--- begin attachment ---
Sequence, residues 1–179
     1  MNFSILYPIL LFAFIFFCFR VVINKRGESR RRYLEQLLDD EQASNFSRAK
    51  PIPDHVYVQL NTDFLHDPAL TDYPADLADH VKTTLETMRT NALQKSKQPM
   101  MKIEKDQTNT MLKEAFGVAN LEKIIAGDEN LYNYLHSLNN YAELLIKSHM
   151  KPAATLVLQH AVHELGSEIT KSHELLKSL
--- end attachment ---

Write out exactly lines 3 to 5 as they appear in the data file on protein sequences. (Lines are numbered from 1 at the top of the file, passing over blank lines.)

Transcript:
    51  PIPDHVYVQL NTDFLHDPAL TDYPADLADH VKTTLETMRT NALQKSKQPM
   101  MKIEKDQTNT MLKEAFGVAN LEKIIAGDEN LYNYLHSLNN YAELLIKSHM
   151  KPAATLVLQH AVHELGSEIT KSHELLKSL